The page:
In his essay “Restoring Sovereignty and the Path Forward,” Brennos writes about the ancient Irish concept of divinely-granted sovereignty:

The failure of a King to meet their obligations either by breaking their agreements with the Otherworld or their people, resulted in withdrawal of Sovereignty which had disastrous effects such as crop failures and famine, the death of livestock, disease and hardship. In a situation like this, the failed King would step down, die in battle, or be sacrificed to allow a more suitable King to take their place.

The quotes by Qing government officials are related to similar ideas in China about the link between political legitimacy and cosmic harmony. Even more explicitly, in Transcendence & Divine Passion: The Queen Mother of the West in Medieval China, Suzanne Cahill writes that drought and rebellions and heterodox religious movements were all seen equally as signs “of the imminent fall of the Han rulers.” Or in other words, these events were seen as symptoms of the ruling dynasty’s loss of the Mandate of Heaven.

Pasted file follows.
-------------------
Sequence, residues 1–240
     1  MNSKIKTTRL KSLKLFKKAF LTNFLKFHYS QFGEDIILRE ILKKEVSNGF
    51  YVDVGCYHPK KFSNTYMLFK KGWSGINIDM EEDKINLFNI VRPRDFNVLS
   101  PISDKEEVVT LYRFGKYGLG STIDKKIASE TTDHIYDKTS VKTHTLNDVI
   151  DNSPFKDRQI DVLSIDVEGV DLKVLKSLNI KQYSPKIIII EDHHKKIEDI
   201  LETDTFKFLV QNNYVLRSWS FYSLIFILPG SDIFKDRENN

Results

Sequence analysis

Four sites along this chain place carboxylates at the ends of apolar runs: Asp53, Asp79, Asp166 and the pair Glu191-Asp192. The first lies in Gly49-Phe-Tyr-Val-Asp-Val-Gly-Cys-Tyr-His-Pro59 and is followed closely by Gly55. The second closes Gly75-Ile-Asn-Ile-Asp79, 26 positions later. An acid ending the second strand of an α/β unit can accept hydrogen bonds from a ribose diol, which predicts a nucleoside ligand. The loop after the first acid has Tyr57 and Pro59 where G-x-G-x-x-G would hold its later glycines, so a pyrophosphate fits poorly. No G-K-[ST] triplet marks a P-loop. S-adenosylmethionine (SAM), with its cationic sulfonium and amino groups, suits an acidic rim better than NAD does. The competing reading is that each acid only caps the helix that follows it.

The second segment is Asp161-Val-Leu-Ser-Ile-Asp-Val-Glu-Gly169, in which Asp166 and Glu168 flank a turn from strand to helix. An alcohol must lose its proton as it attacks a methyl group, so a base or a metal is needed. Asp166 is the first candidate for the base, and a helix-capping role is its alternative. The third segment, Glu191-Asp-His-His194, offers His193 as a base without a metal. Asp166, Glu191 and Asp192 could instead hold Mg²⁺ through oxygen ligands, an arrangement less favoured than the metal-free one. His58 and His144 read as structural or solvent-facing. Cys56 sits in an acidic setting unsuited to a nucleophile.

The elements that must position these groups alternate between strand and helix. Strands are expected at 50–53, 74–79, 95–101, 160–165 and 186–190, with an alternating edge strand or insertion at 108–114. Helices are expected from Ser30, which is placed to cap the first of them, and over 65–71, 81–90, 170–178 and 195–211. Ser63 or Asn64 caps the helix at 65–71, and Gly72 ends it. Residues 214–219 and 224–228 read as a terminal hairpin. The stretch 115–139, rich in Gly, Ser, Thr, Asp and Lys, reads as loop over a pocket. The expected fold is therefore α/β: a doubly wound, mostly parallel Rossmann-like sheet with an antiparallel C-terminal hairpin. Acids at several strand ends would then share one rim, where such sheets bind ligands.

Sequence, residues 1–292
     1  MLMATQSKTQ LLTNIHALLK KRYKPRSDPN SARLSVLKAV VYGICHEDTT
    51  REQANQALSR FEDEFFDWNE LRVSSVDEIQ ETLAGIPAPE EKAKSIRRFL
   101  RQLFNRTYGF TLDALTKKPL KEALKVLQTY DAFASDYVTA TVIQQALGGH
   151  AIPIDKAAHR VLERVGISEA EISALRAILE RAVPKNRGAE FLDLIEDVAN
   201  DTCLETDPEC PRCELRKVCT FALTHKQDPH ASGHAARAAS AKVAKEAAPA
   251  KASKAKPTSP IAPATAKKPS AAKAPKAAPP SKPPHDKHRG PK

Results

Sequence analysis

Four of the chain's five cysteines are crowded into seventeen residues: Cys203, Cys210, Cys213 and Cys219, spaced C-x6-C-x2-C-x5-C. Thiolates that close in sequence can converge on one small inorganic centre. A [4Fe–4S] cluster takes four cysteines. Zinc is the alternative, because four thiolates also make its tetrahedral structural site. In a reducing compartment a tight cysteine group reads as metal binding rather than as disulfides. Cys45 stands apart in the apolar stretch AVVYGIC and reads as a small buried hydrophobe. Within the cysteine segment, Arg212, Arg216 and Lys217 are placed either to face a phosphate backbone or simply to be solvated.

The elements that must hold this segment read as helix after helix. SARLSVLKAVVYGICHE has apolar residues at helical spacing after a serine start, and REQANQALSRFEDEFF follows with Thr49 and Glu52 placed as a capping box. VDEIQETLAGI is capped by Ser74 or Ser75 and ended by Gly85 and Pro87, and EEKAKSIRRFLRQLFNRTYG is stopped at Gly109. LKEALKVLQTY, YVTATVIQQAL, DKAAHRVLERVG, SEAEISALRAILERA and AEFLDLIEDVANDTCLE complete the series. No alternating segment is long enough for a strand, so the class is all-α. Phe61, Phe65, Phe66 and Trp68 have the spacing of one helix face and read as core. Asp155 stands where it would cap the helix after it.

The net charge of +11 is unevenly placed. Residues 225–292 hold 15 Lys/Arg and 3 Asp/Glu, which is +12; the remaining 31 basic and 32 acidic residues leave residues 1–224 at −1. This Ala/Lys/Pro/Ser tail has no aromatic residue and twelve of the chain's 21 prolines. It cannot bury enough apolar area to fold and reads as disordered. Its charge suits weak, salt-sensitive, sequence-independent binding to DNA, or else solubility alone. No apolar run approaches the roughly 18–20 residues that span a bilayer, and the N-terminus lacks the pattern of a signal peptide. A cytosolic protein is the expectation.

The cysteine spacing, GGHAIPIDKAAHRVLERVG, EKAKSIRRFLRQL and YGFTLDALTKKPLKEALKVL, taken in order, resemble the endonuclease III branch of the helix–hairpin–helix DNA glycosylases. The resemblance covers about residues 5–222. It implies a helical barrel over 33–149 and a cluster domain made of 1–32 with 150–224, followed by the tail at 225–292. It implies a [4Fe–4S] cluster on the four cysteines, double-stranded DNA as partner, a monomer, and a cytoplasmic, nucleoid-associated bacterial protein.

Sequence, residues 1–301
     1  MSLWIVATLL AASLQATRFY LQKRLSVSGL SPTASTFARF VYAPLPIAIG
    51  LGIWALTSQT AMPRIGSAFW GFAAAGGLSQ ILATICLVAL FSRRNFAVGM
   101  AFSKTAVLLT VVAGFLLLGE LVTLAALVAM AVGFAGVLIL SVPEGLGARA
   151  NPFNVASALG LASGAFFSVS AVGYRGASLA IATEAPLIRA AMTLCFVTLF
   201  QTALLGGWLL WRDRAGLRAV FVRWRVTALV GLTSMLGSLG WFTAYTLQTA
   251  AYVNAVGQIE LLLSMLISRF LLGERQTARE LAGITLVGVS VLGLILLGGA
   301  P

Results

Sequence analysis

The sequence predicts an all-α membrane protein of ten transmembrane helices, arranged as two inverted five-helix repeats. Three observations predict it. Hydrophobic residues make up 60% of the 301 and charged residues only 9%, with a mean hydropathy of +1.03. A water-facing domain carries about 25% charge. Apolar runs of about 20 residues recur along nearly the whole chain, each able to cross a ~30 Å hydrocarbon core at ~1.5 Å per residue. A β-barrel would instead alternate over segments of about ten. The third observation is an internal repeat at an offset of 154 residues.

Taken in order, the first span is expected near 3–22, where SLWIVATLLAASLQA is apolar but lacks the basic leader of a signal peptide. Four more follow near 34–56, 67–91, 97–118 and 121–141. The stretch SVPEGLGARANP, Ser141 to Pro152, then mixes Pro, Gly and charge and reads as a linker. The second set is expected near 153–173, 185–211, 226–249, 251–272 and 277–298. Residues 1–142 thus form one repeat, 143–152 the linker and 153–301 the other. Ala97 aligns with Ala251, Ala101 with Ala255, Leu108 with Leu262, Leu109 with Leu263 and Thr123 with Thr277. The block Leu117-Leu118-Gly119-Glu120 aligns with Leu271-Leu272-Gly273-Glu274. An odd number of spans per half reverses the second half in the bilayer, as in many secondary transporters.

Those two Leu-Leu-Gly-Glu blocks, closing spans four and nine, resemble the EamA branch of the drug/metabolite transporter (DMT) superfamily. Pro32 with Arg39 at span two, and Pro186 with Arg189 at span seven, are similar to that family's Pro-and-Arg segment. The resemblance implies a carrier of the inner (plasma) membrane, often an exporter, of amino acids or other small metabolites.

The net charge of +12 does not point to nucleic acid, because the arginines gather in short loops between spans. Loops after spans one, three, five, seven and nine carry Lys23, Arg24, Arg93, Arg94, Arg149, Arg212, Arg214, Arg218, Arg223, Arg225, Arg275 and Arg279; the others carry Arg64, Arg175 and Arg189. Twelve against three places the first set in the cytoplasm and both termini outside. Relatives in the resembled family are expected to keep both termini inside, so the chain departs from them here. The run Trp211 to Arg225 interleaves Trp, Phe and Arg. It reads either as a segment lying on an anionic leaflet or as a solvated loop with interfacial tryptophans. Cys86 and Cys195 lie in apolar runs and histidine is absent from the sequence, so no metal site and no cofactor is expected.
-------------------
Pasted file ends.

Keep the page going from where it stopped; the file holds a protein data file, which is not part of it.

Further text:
What does any of this have to do with people who don’t live in California? As Brennos writes, “At the heart of this type of Sovereignty of the Land is interconnectedness.” This interconnectedness is both natural and divine. It has a social aspect as well.

Everything is Connected

In Late Victorian Holocausts, Mike Davis links the worldwide droughts of 1876-79, 1888-91 and 1896-1902 to the El Niño-Southern Oscillation (ENSO) weather pattern, the rise of the global capitalist economy, and the expansionist land-grabs of the New Imperialism.

El Nino 2015 [Public Domain]

El Nino 2015 [Public Domain]

According to the NDMC, El Niño is a phenomenon involving increased water temperatures off the western coast of South America, while the Southern Oscillation is a “seesaw of atmospheric pressure between the eastern equatorial Pacific and Indo–Australian areas.” The acronym ENSO is used to describe the two phenomena in conjunction. “Atmospheric interactions between widely separated regions,” such as those seen during ENSO events, are termed “teleconnections.” Though not all variations in weather patterns during ENSO years are attributable to ENSO, the NDMC reports that “researchers have found the strongest connections between ENSO and intense drought in Australia, India, Indonesia, the Philippines, Brazil, parts of east and south Africa, the western Pacific basin islands (including Hawaii), Central America, and various parts of the United States.”